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Women make up Two-Thirds of Episcopal Church, new Survey finds

Aug 30, 2015 by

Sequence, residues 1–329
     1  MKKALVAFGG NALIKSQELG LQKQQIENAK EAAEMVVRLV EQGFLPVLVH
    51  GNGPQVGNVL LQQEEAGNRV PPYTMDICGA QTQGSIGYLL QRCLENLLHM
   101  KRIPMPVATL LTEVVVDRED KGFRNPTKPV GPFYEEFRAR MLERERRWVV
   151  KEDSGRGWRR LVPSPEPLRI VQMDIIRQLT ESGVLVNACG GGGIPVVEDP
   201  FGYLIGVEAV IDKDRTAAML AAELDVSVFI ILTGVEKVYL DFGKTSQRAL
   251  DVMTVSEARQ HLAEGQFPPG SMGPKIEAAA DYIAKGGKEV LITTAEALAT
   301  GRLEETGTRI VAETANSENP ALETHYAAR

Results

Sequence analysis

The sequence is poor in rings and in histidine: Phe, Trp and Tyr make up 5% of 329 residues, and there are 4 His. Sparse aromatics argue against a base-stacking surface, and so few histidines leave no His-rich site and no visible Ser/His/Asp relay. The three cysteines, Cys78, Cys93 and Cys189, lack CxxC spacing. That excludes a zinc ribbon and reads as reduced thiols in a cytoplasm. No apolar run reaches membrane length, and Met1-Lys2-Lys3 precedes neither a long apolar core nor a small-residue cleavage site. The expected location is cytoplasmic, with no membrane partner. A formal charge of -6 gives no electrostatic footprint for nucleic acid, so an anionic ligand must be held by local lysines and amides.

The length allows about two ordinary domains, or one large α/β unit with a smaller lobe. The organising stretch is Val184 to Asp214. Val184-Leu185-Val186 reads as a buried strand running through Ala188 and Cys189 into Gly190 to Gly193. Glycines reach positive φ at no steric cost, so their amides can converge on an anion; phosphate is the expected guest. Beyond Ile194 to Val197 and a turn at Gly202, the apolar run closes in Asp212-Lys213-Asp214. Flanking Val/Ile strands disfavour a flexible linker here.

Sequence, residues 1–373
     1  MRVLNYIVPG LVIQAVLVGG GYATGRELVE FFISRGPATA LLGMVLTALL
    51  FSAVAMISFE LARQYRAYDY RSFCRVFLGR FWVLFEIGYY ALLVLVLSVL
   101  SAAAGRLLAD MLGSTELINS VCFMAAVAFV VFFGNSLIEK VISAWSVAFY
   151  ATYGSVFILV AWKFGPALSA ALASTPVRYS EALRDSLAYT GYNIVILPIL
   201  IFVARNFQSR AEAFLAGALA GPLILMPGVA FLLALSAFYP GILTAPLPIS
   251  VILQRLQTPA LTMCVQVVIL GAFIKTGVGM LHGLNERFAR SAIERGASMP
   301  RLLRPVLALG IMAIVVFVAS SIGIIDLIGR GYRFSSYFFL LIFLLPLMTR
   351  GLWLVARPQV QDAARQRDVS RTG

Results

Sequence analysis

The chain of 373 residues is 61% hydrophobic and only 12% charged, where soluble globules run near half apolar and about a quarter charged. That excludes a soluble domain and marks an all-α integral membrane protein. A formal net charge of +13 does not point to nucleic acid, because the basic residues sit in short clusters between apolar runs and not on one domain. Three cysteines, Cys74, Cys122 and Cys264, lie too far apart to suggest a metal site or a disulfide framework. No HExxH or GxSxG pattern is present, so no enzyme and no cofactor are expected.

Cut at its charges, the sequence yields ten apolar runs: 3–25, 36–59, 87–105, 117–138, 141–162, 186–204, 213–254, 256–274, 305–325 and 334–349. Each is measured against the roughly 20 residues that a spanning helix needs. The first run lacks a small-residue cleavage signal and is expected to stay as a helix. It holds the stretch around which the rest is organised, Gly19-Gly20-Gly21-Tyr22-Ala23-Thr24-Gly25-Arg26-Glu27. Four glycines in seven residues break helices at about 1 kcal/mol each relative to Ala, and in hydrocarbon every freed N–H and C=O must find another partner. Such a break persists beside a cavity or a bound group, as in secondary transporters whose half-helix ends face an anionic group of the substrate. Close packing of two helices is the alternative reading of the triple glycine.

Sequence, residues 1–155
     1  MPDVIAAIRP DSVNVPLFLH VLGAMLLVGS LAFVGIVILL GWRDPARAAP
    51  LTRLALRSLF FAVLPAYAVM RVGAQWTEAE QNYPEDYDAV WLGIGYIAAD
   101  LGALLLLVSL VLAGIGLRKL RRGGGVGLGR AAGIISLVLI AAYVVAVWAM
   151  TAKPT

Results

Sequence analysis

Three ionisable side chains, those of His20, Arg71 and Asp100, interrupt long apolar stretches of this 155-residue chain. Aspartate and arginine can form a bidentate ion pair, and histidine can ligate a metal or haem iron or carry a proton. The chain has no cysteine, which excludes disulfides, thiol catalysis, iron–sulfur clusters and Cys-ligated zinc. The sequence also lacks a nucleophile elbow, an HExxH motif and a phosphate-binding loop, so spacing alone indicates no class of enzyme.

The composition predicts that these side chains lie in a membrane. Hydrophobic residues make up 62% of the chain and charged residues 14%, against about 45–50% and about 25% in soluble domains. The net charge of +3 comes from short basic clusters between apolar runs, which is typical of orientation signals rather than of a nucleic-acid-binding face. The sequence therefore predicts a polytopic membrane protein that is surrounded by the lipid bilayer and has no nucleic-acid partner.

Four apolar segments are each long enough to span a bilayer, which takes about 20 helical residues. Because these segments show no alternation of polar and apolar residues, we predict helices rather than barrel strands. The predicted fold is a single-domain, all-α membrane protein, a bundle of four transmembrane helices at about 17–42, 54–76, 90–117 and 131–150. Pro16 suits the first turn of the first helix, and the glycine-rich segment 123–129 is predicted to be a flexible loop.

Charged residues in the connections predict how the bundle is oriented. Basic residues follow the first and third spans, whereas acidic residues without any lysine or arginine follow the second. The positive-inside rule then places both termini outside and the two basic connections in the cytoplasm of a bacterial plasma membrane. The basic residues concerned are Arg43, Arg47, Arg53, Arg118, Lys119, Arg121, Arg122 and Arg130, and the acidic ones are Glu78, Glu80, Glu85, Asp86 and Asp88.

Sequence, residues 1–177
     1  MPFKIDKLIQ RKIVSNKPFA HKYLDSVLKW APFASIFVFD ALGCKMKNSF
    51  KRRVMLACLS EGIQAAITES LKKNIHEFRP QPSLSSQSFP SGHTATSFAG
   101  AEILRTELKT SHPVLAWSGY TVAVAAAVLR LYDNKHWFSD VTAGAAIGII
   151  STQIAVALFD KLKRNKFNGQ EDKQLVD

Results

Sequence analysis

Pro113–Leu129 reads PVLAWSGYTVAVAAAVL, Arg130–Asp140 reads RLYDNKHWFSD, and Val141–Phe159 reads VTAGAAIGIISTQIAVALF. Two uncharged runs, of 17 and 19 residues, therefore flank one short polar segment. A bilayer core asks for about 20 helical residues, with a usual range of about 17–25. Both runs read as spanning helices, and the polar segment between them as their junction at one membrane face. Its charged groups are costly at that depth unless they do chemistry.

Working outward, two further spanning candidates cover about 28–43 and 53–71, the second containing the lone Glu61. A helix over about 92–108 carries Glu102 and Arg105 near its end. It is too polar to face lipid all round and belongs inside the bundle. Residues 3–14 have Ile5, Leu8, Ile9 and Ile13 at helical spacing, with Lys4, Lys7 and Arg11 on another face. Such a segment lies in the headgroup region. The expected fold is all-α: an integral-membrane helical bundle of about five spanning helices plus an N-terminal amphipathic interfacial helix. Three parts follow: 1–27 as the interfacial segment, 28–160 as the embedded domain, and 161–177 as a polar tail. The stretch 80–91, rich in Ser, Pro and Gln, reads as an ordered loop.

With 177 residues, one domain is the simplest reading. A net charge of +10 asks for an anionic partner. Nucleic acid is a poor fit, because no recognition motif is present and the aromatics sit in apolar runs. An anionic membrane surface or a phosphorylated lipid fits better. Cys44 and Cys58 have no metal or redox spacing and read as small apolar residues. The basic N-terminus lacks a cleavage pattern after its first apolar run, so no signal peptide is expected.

by David Virtue, VOL: For several months, VOL has been engaged in learning just how deep and wide is the influence of women in the Episcopal Church. As you know, we now have some 21 women bishops in TEC. The first to be consecrated was Barbara Harris in 1989; the last is Audrey Scanlan who will be consecrated the XI Bishop of Central Pennsylvania in September. There are hundreds of women clergy. In fact a survey of over 7,000 parishes, conducted by a research team, revealed that some 32% of all clergy in TEC are women, but the big news is this. Nearly two-thirds of all congregations, some 62%, are made up of women with the remaining 38% being mainly men over 60 with just a sprinkling of young people. This raises many questions, foremost of which is what have women achieved by way of church plants or church growth, and secondly, what is the long-term health and future of the church? The answer to the first question is obvious: women bishops and women clergy have not made churches grow, even putting aside the ecclesial question as to whether women ought to be priests. They simply cannot and do not attract men or families to continue the Episcopal species. The Episcopal DNA pool is drying up. And the long term health of the Church is also in question. Where is the next generation of Episcopalians to keep the doors open? Women bishops and women clergy, as well as openly gay and lesbian priests, are not draw cards, despite Bishop Gene Robinson thinking it would be. Read here (scroll down a little)...